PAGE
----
faust_mckenzie (faust_mckenzie) wrote,

The Art of the Mockumentary - part 1

Originally published at Continuous Hiccup. You can comment here or there.

Trailer Park Boys

In an age where low-brow culture has given way to no-brow culture, where scripts and budgets are axed in favor of real people covered with real spiders, where dating has been reduced to a sport, it is in this savage, too-earnest time that a new genre has emerged, a genre of elaborate cunning, a genre that blurs the boundaries of illusion and reality, a genre filled with handheld cameras shaking on purpose. First, the Trailer Park Boys hit TV like a runaway shopping cart slamming into an SUV, and now it – and Borat – are crashing the big screen party. The mockumentary movement is in full swing.

This first entry deals with the beginnings of the movement up until the emergence of the Trailer Park Boys. The second part will look at new directions in the mockumentary movement, including Stephen Colbert and Borat.

On the surface, the Trailer Park Boys shares a lot of similarities with your average reality TV show. It’s full of shaky cameras, cursing, uncouth characters, and physical comedy. You might be tempted to say that it’s what you would get if you took The Osbornes out of the mansion and put them into a trailer park. But here’s the rub: the Trailer Park Boys is actually a satire of reality TV, a parody of shows like The Osbornes.

Upon closer examination, the differences between the two are obvious. Like all reality TV, the essential hook of The Osbornes is that you are seeing real people, not fictional characters. Of course, you expect that they’re probably hamming it up for the camera a little bit, but the idea remains that any acting is accidental. The intention is to let you laugh safely at people who are either dumber (e.g. Blind Date, The Fifth Wheel), or more outrageous (The Osbornes), or more trapped (Fear Factor, Survivor) than you are.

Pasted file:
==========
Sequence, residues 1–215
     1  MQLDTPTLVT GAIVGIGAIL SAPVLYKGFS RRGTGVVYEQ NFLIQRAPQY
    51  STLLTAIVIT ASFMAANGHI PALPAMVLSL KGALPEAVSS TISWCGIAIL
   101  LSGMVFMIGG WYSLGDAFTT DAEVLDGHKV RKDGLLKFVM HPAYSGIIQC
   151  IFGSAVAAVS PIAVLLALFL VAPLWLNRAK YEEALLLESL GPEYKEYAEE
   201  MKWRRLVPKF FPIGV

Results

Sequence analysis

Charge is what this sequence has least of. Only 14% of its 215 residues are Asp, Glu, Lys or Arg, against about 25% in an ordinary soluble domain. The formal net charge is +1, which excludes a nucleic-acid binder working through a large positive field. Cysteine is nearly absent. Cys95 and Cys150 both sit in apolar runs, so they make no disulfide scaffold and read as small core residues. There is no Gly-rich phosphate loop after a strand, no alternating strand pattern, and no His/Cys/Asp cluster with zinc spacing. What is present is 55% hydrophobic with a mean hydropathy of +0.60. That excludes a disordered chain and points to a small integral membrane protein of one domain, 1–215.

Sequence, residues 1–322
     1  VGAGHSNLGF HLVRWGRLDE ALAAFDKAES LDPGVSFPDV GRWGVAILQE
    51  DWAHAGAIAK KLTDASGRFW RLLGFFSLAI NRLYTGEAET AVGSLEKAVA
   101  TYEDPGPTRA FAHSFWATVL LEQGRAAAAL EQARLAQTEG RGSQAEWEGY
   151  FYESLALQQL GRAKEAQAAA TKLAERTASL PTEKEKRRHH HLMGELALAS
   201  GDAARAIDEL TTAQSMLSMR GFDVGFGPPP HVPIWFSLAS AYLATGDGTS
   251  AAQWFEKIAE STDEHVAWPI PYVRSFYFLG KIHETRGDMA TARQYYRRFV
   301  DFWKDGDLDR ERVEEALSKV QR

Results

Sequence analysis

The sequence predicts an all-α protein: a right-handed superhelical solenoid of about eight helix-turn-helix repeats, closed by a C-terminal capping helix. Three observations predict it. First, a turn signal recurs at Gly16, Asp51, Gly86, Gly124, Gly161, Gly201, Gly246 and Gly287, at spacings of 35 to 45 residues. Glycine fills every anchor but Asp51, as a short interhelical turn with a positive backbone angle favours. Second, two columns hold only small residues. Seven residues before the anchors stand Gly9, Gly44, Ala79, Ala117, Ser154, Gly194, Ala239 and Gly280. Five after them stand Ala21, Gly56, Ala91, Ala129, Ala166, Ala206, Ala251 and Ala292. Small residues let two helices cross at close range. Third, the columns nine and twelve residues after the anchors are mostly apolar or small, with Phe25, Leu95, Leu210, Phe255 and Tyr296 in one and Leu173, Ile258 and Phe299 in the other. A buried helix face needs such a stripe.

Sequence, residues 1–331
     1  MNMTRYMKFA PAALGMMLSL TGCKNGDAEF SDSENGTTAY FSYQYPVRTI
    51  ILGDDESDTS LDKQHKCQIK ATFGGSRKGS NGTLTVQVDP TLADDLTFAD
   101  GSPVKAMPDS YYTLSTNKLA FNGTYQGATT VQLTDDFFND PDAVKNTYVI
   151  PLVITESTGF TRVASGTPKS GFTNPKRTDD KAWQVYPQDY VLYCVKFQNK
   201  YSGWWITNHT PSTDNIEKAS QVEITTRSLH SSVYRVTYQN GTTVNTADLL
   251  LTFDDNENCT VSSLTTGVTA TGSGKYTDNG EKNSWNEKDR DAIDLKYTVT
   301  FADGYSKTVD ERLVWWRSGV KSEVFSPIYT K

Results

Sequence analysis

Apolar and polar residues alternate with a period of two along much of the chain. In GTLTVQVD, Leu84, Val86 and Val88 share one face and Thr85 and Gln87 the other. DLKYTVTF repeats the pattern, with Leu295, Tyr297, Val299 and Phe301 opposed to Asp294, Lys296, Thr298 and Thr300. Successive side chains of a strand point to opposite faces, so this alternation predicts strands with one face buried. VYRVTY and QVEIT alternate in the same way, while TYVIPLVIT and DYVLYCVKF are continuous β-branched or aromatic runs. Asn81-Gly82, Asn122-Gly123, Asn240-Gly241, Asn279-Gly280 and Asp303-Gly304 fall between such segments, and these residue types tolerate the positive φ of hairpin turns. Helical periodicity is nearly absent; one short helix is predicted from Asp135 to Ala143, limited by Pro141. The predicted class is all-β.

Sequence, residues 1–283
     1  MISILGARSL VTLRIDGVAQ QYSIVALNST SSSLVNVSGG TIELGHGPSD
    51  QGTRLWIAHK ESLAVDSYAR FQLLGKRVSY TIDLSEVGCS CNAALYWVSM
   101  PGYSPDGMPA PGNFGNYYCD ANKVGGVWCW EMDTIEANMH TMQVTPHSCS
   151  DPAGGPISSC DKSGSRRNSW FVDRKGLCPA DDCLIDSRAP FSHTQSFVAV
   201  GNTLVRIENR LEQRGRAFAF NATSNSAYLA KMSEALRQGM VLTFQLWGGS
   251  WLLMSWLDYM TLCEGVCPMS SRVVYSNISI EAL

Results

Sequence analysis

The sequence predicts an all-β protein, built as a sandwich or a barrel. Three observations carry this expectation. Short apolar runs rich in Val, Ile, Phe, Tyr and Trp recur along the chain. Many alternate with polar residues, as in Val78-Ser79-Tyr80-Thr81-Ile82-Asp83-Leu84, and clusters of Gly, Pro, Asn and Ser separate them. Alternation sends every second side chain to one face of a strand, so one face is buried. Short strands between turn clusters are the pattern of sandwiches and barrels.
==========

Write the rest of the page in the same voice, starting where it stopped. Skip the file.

The original reality TV shows came out of the UK, and actually purported to illuminate something about the human condition by allowing the viewer to see how real people reacted under stressful conditions, a Lord of the Flies sort of experiment. Trailer Park Boys are more cunning than either reality TV or conventional fictional TV because they continually force you to question the authenticity of what you are watching. They entice the viewer into believing that you could be witnessing an unscripted event. For instance, when Ricky from the Trailer Park Boys gets pissed off, he sometimes attacks the cameraman, which gives the momentary illusion that you are seeing a live unscripted event, that is, until you realize that the cameraman is another actor. And yet when Bubbles tries to throw a defective shopping cart into the dumpster, how could he have known that it would bounce back off the lid and nearly take off his head? Surely that couldn’t have been planned – surely!

Now, I don’t mean to give all the credit for the cunning of the mockumentary to the Trailer Park Boys. The genre has been around since at least 1984 when This Is Spinal Tap came out. The term, mockumentary, was originally a perversion of rockumentary. Christopher Guest, who co-wrote This Is Spinal Tap, is the filmmaker who has continued to expand the genre past its rock roots. His mockumentaries, Waiting for Guffman, Best in Show and A Mighty Wind, have been created from huge talented casts, making him the Robert Altman of the genre. What’s impressive is that the mockumentary continues to incorporate other genres. The Blair Witch Project took the basics of the horror film and transformed them, using the fake documentary style, and now the Trailer Park Boys has used the principles of reality TV to bring us a new flavor of irony.

But there is something else unique and brilliant about the Trailer Park Boys. It has realized that the very first mockumentary was the commedia dell’arte theatre. The commedia dell’arte was a genre of improvised theatre that has its origins in Italy in the 16th century. It satirized everything from tragedy to love intrigues, using stock characters, and completely insane physical comedy. Only in the Trailer Park Boys has this degree of mayhem been replicated, and, just like the commedia dell’arte theatre, the Trailer Park Boys aims to confuse. It mocks our need for control, our fear of being tricked. Why do why care so much what is real and what is illusion, what was planned or what was accidental? It’s the show that matters, and the show is damn funny. So, sit back and enjoy the chaos!

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